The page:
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abstract method and synchronized clause

 
Rhea Karnam
Greenhorn
Posts: 21
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Hi,
I read that an abstract method cannot be final, static, native or synchronized.
Can anyone help me in understanding why an abstract method cannot be declared as synchronized?
In the following snippet, declaring the method as synchronized in class A turned out to be illegal. But, when I qualify the same method as synchronized in the child class, I don't get any compile time errors:
abstract class A
{
abstract void method1();
}
class B extends A
{
public synchronized void method1()
{
}
}
I expected an error because I thought that I can't alter the signature of an abstract method, while implementing it. Can somebody throw light on this?
Regards,
Rhea
 
Wayne L Johnson
Ranch Hand
Posts: 399
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That's a good question; I tested this on both Windows and Linux and the behavior was as you indicated on both platforms. I looked through the Java language specification and it said that abstract methods can't be "private", "static" or "final", but it didn't say anything about "synchronized." However the Java VM spec did add "synchronized" and "strictfp" as forbidden modifiers on abstract methods.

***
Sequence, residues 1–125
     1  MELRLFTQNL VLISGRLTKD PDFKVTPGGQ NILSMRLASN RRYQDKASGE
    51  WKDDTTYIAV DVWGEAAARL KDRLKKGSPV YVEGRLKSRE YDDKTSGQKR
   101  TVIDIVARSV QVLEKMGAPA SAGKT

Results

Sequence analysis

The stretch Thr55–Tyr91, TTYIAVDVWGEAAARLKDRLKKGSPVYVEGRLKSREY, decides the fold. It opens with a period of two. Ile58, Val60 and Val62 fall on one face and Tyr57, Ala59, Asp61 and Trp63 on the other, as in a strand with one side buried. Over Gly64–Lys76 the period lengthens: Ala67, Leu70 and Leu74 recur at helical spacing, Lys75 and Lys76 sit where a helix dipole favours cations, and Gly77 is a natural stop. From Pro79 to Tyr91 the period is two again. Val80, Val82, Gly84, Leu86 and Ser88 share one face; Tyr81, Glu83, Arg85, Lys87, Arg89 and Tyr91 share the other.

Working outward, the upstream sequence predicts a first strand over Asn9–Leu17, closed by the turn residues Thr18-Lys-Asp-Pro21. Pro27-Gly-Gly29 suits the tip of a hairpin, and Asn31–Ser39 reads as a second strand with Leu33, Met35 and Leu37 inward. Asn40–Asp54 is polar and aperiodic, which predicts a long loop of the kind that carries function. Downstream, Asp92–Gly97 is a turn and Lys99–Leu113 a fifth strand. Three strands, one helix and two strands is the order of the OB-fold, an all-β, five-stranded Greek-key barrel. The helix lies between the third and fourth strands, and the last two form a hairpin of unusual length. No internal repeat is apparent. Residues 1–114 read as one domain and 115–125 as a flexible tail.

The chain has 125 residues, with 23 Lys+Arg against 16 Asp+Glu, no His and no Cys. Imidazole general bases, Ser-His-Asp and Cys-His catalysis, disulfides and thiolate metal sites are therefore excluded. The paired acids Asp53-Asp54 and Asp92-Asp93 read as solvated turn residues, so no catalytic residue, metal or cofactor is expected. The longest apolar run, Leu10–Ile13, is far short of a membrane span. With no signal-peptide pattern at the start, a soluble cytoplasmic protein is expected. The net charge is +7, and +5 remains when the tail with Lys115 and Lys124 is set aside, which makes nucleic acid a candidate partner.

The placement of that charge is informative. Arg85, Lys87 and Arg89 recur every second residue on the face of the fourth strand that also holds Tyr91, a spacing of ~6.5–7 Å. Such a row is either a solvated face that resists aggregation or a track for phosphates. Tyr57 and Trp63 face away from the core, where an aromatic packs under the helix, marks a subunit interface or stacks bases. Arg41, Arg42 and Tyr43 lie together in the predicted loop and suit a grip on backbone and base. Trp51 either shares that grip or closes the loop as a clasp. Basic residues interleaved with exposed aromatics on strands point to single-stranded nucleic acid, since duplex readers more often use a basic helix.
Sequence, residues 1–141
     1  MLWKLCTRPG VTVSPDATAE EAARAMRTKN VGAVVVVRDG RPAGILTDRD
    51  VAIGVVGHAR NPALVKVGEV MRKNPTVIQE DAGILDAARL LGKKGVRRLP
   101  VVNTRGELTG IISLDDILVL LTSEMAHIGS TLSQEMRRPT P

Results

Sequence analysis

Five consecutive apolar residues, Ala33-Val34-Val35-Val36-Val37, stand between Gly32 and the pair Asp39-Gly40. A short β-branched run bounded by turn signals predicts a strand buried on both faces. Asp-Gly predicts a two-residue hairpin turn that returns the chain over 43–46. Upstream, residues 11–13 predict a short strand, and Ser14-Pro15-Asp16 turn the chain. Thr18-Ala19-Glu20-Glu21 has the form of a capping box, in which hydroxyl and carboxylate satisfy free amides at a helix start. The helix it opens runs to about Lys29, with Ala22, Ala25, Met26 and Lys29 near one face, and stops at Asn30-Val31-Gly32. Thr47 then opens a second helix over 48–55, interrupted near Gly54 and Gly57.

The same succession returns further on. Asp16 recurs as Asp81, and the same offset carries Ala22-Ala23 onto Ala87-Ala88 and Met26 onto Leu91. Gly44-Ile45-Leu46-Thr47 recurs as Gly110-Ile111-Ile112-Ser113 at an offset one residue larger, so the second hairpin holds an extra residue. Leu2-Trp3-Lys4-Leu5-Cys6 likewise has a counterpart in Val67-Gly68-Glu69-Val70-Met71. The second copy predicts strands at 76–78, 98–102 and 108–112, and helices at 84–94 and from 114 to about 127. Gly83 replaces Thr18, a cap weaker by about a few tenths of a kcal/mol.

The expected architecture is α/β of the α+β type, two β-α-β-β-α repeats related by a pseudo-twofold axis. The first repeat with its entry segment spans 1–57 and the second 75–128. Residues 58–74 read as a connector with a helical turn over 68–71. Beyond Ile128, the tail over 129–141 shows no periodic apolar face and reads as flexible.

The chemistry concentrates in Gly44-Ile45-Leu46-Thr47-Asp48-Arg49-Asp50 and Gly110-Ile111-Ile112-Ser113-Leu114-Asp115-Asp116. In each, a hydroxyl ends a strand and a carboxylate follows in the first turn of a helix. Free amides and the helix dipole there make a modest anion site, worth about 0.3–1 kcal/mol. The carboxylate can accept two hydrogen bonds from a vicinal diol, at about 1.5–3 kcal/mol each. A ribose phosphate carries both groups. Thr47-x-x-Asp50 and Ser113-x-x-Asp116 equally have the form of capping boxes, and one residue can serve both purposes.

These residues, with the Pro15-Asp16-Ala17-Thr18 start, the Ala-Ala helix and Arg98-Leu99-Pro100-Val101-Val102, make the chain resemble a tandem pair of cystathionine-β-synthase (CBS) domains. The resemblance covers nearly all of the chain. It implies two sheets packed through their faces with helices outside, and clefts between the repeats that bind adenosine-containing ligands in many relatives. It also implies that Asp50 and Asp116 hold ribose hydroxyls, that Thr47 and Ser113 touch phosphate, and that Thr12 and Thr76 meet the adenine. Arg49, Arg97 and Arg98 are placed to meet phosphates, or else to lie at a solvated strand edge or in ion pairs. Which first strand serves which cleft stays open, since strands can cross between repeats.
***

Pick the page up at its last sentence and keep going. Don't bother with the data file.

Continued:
My only guess is that since "synchronized" methods attempt to lock the instance, and abstract classes can't be instantiated, that there isn't any object to lock.
In terms of altering the signature, there are rules in terms of visibility (private/public/protected/[none]) and what exceptions it throws, but not in terms of "final" or "synchronized", since they don't affect the visibility of the method.
[ September 30, 2003: Message edited by: Wayne L Johnson ]
 
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